The Great Green Wall

On November  19, 2021, the BBC’s Matt McGrath reported that in the planet's biggest rainforest, Amazon, “sees worst deforestation levels in 15 years ”. A planet in agony, destabilized by Covid -19, despite billions of vaccinations, and indigenous people worldwide, who live in forests that store almost 300 million metric tons of carbon, according to the “Rights and Resources Initiative”, a Washington based advocacy group-almost six times the total amount of carbon dioxide that burning fossil fuels, deforestation and other human impacts released into the atmosphere in 2018, the year of the United Nations last count (New York Times, January 28, 2020).

Twenty-five years ago, said Desmond Tutu, the human rights activist and South African theologian, who in 1984 was awarded the Nobel Peace Prize for his anti-apartheid engagement, “people could be excused for not knowing much, or do not much about climate change. Today we have no excuse.” Early November, in Glasgow, Scotland, leaders of the world (except those mega polluters from Russia and China and Brazil) were gathering to prove Albert Einstein wrong, who insisted that the world “will not be destroyed by those who do evil, but by those who watch them without doing anything.” More than 110 nations, Morocco, China and Monaco, Bhutan, Russia, and the UAE, Chad and Mali, Cuba, Fiji, and Andorra, signed a declaration, reaffirming: “We commit to working collectively to halt and reverse forest loss and land degradation by 2030 while delivering sustainable development and promoting an inclusive rural transformation”-the signature nations cover around 85 percent of the world’s forests. 

European Commission President Ursula von der Leyen announced a 1 billion Euro contribution to the “Global Forests Finance Pledge”, which 12 nations have promised to fund in total 12 billion US dollars. The UK will commit 1.5 billion £ over five years to support the forest pledge, including £350 million for tropical forests in Indonesia and 300 million intended for the Amazon. (UK Department of Environment, November 2, 2021). Of the one billion European Euro pledge, 250 million Euro are to be invested in the Congo Basin to protect the world’s second-largest tropical rainforest region. Von der Leyen declared: “Forests are the green lungs of the earth.” In his Policy brief  “Climate Change and Ecological Pan-Africanism” published in September by the “ Center for the New South “, Hisham Aidi reminds us of the revolutionary leader of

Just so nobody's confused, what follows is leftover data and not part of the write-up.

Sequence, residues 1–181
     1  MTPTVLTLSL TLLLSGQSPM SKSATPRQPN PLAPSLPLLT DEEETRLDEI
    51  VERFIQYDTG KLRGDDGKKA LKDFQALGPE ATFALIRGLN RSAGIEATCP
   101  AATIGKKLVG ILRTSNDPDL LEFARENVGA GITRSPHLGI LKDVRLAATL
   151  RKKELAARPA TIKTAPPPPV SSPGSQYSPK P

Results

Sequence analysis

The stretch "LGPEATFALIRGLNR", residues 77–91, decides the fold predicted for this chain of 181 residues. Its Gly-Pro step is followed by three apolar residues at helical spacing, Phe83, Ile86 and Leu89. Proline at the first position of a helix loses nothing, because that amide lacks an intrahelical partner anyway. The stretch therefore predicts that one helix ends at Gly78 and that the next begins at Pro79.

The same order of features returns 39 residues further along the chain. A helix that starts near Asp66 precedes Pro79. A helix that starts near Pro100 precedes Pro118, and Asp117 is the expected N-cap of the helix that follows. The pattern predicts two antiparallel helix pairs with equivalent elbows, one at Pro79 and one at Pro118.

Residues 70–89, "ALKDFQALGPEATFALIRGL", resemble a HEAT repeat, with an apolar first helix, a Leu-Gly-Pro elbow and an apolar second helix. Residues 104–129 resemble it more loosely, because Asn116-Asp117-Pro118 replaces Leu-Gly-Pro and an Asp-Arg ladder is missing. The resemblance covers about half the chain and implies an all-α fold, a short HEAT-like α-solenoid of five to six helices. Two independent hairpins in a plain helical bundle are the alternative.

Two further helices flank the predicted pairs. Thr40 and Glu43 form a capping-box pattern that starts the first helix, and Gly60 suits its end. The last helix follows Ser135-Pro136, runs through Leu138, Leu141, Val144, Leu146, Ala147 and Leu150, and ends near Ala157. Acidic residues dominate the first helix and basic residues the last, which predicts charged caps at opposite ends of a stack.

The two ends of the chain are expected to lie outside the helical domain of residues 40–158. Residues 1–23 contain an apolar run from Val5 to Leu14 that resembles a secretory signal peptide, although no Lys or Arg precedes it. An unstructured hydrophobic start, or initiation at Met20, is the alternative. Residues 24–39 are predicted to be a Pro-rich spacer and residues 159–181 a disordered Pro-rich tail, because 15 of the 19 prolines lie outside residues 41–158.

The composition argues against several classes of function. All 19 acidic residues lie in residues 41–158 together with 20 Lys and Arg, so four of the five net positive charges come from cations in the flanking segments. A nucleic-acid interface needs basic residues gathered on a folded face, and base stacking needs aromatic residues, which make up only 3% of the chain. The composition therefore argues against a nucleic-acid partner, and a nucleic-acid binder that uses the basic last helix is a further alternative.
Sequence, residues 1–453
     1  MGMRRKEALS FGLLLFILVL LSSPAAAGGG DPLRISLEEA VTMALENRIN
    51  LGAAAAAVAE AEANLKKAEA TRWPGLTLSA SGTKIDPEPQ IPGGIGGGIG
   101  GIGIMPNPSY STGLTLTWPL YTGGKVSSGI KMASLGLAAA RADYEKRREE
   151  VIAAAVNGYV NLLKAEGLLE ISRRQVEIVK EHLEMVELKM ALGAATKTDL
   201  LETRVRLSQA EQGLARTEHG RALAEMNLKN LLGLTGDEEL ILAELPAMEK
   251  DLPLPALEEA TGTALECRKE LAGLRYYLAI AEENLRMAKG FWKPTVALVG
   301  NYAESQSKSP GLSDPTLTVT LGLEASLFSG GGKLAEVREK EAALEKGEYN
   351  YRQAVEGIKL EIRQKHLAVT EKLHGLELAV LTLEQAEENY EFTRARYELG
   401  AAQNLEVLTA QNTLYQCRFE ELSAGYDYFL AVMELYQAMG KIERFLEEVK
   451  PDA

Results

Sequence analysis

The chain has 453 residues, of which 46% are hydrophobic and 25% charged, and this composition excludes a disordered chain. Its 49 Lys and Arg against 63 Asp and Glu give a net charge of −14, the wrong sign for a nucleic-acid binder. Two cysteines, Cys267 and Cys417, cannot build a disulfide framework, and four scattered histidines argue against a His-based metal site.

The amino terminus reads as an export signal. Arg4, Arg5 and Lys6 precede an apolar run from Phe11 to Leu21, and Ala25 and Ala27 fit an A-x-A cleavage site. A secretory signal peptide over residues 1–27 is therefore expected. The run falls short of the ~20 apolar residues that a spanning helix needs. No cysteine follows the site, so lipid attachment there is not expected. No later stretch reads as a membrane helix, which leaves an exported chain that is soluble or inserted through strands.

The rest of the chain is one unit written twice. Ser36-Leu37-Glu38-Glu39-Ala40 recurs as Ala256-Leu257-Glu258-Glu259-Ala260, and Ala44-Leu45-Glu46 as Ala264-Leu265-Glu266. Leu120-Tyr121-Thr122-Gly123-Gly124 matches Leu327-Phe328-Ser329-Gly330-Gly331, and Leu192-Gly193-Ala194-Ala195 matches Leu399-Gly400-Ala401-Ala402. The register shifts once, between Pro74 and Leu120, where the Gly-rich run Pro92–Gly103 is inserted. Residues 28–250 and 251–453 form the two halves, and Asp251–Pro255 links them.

Burkina Faso, Thomas Sankara, who, decades ago, warned African nations, it was the pollution that we pour into nature, into the seas that was causing the ecological perturbations of the seasons, and leading to the advancement of the desert, forest fires, and dropping water tables.

Sankara would propose a fifteen-kilometer-wide Green Belt across the Sahel to combat the advance of the desert. His death, 1987 ended the dream, a project revived by African leaders, now known as the Great Green Wall. In 2007, notes Aidi, the African Union, together with international partners, raised $8 billion (of an estimated 14 billion) for the construction of an 8000-kilometer Great Green Wall, which will cut across 21 states to contain the desertification process: “This Green Wall aims to degraded landscapes of the Sahel, by planting trees and bushes, which will hold an estimated 275 million tons of carbon.”